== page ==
Revenue Generating vs. Cost Cutting Activities For Incumbents Using Distributed Ledgers

Most of the talk in the distributed ledger space has been centered around how to implement this technology in regards to cost cutting activities for incumbents (banks & financial services).  As the distributed ledger architecture gets implemented the conversation should begin to turn towards ways to produce revenue-generating activities.  These will be things built on top of the DL technology stack (in the application layer). This blog will look at cost cutting activities versus revenue generating activities for banks and financial services companies when it comes to using distributed ledgers. It will also look at potential use cases for revenue generation.

Cost Cutting

Banks have had a rough time in recent years and are finding it harder and harder to discover additional revenue sources at a time when their regulatory and compliance costs have skyrocketed and forced them to exit some core businesses and reduce their global footprint.  They have also repeatedly settled lawsuits in the billions of dollars. One answer to these problems for banks is distributed ledger technology.  As has been written in my other blog posts, distributed ledger technology has many benefits for banks:

·       cost avoidance (getting rid of middlemen as well as back office/employees; going paperless)

·       reducing capital ratios & improving liquidity ratios

·       reducing risk

·       improving regulatory compliance 

·       reducing redundancies and getting rid of operational and functional silos

In the initial phases of the rollout of distributed ledger technology it will not be revenue producing for banks but cost reducing.  There are two ways to improve your balance sheet: 1) by increasing revenues or 2) reducing your cost . Banks are in desperate need of improving their balance sheet, hence the value of this technology is extremely valuable to them for achieving these goals.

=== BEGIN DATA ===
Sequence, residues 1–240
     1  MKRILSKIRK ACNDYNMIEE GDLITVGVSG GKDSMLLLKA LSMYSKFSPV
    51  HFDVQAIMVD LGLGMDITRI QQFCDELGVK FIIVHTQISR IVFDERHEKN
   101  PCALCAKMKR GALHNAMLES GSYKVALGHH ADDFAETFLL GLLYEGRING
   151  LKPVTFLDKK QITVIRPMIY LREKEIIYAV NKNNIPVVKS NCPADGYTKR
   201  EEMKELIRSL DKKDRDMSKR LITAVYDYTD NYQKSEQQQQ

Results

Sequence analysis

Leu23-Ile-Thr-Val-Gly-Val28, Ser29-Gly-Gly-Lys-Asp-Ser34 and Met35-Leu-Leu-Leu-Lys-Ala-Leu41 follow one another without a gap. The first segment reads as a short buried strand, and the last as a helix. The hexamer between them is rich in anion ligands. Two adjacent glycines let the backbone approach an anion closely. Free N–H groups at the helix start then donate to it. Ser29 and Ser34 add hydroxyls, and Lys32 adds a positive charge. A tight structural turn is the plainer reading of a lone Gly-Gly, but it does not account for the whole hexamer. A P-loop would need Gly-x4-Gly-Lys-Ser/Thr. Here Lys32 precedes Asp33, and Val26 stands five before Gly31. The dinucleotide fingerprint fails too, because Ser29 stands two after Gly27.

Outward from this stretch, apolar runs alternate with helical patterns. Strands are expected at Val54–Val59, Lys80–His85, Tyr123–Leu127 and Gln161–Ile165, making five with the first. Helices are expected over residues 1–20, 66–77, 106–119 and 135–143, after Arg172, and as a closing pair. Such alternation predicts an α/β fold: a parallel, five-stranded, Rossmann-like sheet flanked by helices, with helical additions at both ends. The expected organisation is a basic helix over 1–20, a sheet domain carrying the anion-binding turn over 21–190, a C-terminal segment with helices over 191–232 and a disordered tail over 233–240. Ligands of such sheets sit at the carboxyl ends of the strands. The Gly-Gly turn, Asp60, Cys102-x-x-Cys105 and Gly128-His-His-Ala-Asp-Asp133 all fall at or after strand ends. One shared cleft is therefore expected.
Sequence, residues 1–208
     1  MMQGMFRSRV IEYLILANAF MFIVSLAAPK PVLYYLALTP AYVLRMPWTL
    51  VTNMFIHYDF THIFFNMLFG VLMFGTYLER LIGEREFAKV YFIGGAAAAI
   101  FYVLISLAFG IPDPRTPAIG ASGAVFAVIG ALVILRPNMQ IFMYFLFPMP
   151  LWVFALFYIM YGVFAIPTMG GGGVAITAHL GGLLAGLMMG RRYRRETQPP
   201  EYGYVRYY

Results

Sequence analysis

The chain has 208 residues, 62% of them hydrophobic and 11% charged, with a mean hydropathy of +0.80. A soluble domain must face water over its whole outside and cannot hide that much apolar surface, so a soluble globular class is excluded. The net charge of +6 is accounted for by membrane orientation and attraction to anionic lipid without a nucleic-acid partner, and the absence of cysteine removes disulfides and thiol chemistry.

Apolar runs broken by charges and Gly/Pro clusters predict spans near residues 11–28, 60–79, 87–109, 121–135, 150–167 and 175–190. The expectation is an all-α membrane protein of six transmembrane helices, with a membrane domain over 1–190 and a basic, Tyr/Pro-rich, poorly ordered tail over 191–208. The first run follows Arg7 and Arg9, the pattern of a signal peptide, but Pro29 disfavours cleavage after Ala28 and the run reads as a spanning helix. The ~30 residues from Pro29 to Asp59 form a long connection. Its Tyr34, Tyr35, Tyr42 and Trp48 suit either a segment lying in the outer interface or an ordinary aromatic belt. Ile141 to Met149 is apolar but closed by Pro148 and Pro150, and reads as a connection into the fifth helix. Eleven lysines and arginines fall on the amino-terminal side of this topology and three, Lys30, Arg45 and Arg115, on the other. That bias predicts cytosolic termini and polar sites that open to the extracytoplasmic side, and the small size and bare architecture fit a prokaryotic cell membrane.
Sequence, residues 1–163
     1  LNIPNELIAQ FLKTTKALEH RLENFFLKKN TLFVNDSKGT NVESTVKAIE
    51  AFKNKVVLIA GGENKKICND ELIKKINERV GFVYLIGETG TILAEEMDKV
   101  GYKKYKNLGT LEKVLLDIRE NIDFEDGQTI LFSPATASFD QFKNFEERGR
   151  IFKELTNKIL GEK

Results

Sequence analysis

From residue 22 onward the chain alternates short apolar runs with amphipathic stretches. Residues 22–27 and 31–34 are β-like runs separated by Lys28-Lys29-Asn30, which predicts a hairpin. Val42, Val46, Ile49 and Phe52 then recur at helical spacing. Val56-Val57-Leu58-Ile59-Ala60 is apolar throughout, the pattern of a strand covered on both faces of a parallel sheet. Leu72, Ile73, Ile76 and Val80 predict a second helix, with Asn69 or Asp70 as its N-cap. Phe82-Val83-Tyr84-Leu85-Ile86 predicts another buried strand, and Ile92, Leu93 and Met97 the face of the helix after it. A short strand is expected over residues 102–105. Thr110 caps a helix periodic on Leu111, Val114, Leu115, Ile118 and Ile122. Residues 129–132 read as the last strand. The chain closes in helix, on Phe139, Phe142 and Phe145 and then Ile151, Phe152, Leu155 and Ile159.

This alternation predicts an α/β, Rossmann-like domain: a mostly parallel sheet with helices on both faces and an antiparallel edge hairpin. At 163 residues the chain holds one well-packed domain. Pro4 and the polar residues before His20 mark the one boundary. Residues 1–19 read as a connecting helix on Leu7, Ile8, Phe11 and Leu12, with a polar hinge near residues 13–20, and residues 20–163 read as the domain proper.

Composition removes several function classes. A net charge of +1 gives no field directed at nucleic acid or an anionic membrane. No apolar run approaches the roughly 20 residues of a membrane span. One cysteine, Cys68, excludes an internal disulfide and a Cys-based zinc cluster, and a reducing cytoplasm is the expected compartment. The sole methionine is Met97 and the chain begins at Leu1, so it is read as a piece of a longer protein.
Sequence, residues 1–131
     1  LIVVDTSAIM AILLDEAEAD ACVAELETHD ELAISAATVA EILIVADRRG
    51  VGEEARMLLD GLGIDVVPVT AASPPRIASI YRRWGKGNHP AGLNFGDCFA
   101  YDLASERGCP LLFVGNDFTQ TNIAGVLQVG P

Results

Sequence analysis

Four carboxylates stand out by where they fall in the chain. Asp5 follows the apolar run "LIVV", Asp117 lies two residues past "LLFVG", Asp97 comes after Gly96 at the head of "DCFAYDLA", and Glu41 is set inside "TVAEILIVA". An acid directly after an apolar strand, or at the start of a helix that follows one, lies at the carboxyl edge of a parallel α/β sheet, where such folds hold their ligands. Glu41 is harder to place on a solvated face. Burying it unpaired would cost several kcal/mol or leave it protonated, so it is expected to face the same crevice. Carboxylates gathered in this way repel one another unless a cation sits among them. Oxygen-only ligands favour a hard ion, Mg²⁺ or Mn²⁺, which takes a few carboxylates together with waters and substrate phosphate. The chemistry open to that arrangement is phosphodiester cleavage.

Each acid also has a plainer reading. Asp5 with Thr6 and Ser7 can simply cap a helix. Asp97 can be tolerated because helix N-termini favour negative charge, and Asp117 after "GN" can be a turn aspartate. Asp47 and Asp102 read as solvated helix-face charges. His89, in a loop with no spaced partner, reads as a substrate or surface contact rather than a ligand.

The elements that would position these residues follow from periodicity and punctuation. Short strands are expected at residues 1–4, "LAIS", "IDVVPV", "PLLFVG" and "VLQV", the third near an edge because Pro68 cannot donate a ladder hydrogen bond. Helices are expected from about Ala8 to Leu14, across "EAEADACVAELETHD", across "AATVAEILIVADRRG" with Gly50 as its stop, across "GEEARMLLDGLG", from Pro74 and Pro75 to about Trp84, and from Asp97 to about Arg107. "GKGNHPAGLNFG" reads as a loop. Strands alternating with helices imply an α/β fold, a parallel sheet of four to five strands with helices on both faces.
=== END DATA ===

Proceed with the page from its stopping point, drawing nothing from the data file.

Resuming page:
Regulatory oversight (which has led to non-stop fines) has dramatically increased the cost of service while it has depressed revenue growth. Here are a few of the new regulations banks must follow:

·      Basel III

·      Dodd-Frank

·      Credit Card Accountability, Responsibility, and Disclosure Act of 2009 (CARD Act) 

·      Regulation E

·      FDIC Insurance

·      Durbin Amendment

This has put massive pressure on banks to shed core businesses (market making, remittance etc.) and raise their compliance costs and teams exponentially.  Money Laundering (ML), Terrorist Funding (TF) and Know Your Customer (KYC), have caused financial institutions to stop servicing certain areas and people whom are deemed extremely high risk.  Not only must you Know Your Customer (KYC) but you must Know Your Customer Customers (KYCC). This has had a dramatic impact on trade finance and correspondent banking. The costs and fines associated with AML/CTF/KYC have grown dramatically in recent years as the charts below show.  Compliance has become a major cost center for banks and financial institutions so de-risking and de-banking has been an easy approach to take in order to ensure that they do not fall afoul of the regulatory authorities.